MAID was born from the simple idea that not all storage is the same. “Mission critical” data best earns its keep on the fastest and most expensive storage arrays. They operate 24/7 and are given priority when it comes to administration, maintenance and IT budgets.
It stands to reason, then, that infrequently or occasionally accessed data ought to reside elsewhere. You don’t want to offload it to tape because you need ready access to it (VTLs are help in terms of speeding up backup and recovery, but it’s beyond the scope of this article), but neither do you want it consuming energy during the days, weeks, or even months that it’s not in use.
MAID stands for Massive Array of Idle Disks. If you’re unfamiliar with technology, the Wikipedia entry does a good job of illustrating the point by describing it as “not unlike a very large JBOD but with power management.”
Essentially, specialized arrays, management software and some logic combine to store data on inexpensive SATA hard drives that spend most of their time powered down, or idle. When data is requested, the respective drive is spun up and the data is then retrieved.
Of course, this process introduces a bit of a delay, but the cost savings in terms of saved energy makes it worth waiting a few (sometimes several) extra seconds until the information you request arrives at your workstation. This minor hit to productivity can be offset by automating scheduled or routine tasks.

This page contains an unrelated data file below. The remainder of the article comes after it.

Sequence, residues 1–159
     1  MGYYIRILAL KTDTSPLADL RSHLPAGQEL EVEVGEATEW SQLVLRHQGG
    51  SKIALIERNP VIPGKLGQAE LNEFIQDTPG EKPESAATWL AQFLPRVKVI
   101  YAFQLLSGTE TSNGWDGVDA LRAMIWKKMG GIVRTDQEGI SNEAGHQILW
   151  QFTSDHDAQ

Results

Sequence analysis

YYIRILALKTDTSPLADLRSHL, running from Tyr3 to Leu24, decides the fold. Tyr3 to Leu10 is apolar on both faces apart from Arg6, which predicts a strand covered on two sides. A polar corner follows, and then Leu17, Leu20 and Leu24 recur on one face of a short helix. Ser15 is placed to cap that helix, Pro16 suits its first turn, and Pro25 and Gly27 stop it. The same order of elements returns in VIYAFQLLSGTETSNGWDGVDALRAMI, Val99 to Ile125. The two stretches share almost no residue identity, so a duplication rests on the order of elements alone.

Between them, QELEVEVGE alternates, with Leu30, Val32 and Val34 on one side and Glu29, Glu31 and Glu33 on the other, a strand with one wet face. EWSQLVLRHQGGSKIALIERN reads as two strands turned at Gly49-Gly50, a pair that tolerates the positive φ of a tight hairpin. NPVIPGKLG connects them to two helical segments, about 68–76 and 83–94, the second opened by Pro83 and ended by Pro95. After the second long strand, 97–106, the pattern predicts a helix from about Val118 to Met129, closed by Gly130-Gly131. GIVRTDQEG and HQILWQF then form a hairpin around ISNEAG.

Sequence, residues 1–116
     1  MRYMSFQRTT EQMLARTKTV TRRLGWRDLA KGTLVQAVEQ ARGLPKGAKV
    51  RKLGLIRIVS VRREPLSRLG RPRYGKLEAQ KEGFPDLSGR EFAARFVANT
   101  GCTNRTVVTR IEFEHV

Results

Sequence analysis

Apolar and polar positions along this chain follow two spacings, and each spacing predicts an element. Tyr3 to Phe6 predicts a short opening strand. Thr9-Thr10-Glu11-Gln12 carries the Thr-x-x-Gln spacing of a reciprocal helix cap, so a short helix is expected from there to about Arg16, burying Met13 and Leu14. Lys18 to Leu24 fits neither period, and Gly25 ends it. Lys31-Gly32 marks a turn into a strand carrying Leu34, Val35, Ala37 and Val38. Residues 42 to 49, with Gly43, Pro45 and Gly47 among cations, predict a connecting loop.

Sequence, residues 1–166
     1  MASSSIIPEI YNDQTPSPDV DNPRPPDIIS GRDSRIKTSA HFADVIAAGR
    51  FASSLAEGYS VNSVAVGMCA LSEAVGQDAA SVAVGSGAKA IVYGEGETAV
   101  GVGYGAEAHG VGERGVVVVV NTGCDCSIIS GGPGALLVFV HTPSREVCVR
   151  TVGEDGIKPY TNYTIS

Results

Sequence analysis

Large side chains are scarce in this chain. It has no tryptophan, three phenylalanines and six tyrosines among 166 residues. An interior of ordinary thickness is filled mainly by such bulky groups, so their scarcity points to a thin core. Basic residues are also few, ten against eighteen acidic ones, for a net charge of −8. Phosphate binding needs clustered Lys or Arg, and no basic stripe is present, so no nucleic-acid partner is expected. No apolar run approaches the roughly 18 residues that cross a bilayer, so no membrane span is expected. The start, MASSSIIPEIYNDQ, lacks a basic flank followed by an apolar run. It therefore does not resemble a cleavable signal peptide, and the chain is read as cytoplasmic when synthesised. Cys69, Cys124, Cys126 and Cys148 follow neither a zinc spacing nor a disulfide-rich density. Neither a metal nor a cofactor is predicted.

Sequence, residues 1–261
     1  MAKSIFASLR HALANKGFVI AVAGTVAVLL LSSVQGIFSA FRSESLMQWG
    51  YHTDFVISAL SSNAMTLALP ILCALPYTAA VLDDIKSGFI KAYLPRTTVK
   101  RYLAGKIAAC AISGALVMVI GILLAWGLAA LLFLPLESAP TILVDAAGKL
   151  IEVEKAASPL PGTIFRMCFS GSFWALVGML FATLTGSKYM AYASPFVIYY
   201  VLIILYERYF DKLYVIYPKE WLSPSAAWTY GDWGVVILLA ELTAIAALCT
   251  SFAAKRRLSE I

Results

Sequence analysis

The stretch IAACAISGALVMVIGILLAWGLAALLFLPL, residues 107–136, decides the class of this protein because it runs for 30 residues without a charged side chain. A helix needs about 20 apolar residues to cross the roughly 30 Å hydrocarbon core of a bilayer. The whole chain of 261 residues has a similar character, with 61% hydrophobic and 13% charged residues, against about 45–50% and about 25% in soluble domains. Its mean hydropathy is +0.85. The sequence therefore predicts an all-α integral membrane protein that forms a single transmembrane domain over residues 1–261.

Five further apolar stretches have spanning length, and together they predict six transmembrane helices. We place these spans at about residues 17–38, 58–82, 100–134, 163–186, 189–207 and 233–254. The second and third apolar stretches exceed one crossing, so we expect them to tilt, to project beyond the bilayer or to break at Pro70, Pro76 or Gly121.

Typically, the software controlling the MAID will feature automatic diagnostic routines that spin up the drives on occasion to check on the integrity of the disks and prevent data rot.
And just like the word this acronym spells out, a MAID can help you keep your storage network neat, clean and efficient by providing a pool of storage for data that you don’t want cluttering your high performance storage systems nor buried in archives. This, in turn, creates an energy efficient tier within your data hierarchy plan — a concept that’s becoming increasingly vital as tiered storage schemes and data center greening initiatives meet.
Wondering where to procure this technology? Below I’ve compiled a short list of MAID storage vendors. If I missed some (very likely), send a shout in the comments!